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Muscle Enzyme Explains Weight Gain in Middle Age
Posted on by Dr. Francis Collins
The struggle to maintain a healthy weight is a lifelong challenge for many of us. In fact, the average American packs on an extra 30 pounds from early adulthood to age 50. What’s responsible for this tendency toward middle-age spread? For most of us, too many calories and too little exercise definitely play a role. But now comes word that another reason may lie in a strong—and previously unknown—biochemical mechanism related to the normal aging process.
An NIH-led team recently discovered that the normal process of aging causes levels of an enzyme called DNA-PK to rise in animals as they approach middle age. While the enzyme is known for its role in DNA repair, their studies show it also slows down metabolism, making it more difficult to burn fat. To see if reducing DNA-PK levels might rev up the metabolism, the researchers turned to middle-aged mice. They found that a drug-like compound that blocked DNA-PK activity cut weight gain in the mice by a whopping 40 percent!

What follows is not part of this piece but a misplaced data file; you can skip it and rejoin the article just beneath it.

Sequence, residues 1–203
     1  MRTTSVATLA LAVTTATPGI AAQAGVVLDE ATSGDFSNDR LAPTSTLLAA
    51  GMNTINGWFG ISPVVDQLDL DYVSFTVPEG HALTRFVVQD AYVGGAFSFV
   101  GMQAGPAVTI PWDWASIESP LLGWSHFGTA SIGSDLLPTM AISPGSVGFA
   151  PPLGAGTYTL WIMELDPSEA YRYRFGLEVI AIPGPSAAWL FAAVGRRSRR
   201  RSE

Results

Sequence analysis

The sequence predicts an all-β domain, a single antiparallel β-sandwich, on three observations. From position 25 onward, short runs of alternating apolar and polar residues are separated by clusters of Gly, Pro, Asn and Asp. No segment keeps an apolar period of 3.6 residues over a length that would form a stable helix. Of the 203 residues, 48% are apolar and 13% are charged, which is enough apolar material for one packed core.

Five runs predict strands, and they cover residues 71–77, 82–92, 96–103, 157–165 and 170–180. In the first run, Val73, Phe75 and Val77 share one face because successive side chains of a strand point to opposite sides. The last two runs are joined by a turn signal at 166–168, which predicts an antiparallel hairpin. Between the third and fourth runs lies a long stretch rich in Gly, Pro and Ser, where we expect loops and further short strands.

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Tags: aging, aging process, biochemistry, diabetes, diet, DNA repair, DNA-PK, DNA-PK inhibitor, fat, healthy weight, lymphocytes, metabolism, middle age, mitochondria, muscle, obesity, overweight, physical fitness, SCID, severe combined immunodeficiency, skeletal muscle, weight gain, weight loss, weight loss medication